Jim McGann, director of the Think Tanks and Civil Societies Program at the University of Pennsylvania, once thought technology would lead to the downfall of many think tanks. Now, he says, it’s apparent that technology is one of the most powerful tools available to research institutions.
“I thought … technology would be what would make many think tanks become extinct,” McGann said during an online launch event Feb. 25 for his new book “The Future of Think Tanks and Policy Advice in the United States.”
The coronavirus pandemic forced many think tanks to accelerate their use of various technologies, such as YouTube, Instagram, and virtual meeting platforms, allowing the institutions to “weather the storm” and, in many cases, increase their influence, McGann said.
His book features a collection of essays from 21 American think tank presidents, including Kay C. James of The Heritage Foundation, Kenneth R. Weinstein of the Hudson Institute, and John Allen of the Brookings Institution.
It also features insights from three former think tank presidents who were influential in the development of such research institutions, including Edwin J. Feulner, former longtime president of The Heritage Foundation.
Intended as a resource tool for organizations and individuals across America to understand how to advance sound research, McGann’s book examines the ways in which “experts, evidence, think tanks, and policy advice have been challenged” significantly in the past four to six years and what can be done about it.
McGann says his book is intended to answer six specific questions through the essays written by the 21 presidents of think tanks.
- “What are the greatest challenges facing think tanks?”
- “What is the value added by think tanks and how effective have they been?”
- “How should think tanks position themselves for the future?”
- “How have recent innovations affected think tanks?”
- “How have new competitors transformed the marketplace of ideas?”
- “What has been the impact of COVID-19 on think tanks?”
The challenge many think tanks now face is balancing innovation and progress with preserving a commitment to excellent research standards, McGann says.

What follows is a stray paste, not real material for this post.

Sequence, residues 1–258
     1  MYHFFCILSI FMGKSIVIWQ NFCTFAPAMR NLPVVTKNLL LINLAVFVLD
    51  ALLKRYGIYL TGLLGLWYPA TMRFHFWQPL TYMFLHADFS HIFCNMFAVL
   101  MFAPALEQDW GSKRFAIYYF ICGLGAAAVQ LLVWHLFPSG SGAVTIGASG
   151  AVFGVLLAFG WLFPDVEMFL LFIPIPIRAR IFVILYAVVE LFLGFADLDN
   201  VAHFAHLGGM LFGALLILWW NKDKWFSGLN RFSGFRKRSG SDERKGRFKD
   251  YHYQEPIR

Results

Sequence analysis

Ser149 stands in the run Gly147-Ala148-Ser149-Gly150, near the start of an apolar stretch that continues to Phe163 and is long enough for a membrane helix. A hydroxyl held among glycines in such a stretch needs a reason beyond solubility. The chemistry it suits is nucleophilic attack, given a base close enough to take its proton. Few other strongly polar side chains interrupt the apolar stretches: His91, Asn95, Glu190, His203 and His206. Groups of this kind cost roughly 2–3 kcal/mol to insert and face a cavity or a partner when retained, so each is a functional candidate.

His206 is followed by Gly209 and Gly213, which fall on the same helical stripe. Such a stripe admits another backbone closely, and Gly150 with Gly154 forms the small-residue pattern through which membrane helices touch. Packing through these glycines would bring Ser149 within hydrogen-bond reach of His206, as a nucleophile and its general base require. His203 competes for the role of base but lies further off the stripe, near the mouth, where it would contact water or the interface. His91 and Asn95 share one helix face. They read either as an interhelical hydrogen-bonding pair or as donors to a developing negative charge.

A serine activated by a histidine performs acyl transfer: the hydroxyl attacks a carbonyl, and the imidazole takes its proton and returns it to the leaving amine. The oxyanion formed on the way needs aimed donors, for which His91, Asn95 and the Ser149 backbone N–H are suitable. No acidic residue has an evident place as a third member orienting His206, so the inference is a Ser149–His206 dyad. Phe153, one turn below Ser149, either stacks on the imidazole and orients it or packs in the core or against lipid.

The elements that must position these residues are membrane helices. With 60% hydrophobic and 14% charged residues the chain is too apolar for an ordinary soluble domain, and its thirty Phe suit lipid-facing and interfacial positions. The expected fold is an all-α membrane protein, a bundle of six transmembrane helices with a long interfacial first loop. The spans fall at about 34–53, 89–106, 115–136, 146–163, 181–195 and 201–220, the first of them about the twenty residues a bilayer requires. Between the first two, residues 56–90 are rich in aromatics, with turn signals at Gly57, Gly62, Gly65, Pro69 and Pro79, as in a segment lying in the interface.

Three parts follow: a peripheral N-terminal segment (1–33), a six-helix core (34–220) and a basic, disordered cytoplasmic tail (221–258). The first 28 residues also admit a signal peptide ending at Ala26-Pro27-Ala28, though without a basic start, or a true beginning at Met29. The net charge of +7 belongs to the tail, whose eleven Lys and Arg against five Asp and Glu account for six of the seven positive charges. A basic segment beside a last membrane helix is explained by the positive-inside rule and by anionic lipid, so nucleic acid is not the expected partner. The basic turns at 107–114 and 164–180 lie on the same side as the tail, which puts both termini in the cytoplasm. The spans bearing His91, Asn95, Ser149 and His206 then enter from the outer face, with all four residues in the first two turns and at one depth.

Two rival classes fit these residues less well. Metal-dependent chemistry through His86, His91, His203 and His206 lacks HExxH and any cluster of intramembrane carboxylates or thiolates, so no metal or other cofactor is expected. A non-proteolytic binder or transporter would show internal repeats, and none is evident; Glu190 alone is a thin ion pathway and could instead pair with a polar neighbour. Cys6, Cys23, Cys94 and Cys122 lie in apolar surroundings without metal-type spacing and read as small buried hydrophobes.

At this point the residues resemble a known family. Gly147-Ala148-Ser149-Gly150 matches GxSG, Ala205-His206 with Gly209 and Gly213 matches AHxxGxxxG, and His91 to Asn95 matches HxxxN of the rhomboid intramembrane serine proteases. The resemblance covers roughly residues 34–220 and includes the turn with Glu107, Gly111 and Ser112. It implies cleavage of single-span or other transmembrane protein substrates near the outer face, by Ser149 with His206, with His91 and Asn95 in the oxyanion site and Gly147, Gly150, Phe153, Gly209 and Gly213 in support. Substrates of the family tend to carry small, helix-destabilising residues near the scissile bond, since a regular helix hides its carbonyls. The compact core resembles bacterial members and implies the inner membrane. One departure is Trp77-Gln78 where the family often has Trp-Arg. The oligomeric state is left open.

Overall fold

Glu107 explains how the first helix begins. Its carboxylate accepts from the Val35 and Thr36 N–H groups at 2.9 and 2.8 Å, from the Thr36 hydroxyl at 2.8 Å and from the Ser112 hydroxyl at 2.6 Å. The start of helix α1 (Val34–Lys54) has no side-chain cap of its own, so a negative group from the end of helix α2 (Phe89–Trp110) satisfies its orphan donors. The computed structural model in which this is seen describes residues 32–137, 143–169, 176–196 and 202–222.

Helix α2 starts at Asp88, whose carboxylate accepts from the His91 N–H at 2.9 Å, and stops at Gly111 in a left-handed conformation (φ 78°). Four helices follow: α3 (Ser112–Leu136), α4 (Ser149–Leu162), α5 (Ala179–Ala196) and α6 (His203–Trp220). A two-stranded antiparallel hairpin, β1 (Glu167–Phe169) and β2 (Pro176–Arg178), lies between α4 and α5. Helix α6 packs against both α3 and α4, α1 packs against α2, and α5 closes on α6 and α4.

As president of The Heritage Foundation—named the “Think Tank with the Best Use of the Internet” three years in a row by McGann’s “Global Go-to Think Tank Index Report”—James writes in her essay that think tanks must remain “committed to both preservation and progress.”
Technology offers think tanks the ability to share data and research with new and broader audiences while maintaining standards of excellence, James adds:
Technology also helps us deliver our messages in more compelling and persuasive ways.
No longer is a white paper sufficient for reaching a mass audience. Videos, graphics, and emotive stories, combined with policy research and disseminated through traditional media, social media, and the internet, are more effective ways to reach audiences.
Due to these rapid changes in the technology space, it’s no longer sufficient for think tanks only to hire researchers. There is also a need for communications and digital experts, Frederick Kempe, CEO of the Atlantic Council, said during the book launch.
Although technology does serve as a powerful tool for sharing information, Brian Finlay, president of the Stimson Center, said technology also has created significant challenges for think tanks.
Technology “has grown the level of competition,” Finlay said, adding that the “sheer volume of policy advice that is being directed at policymakers is clearly having an impact and increasingly crowding out [the] voices” of think tanks.
But, in spite of the challenges, he said, technology is ultimately one of the most powerful tools available for think tanks to navigate current communications challenges and promote well-researched information to the broader public.
Technology is “really an opportunity and a lifeline for us to—if we can employ that technology appropriately—leverage our work and remain relevant in the policy space,” Finlay said.
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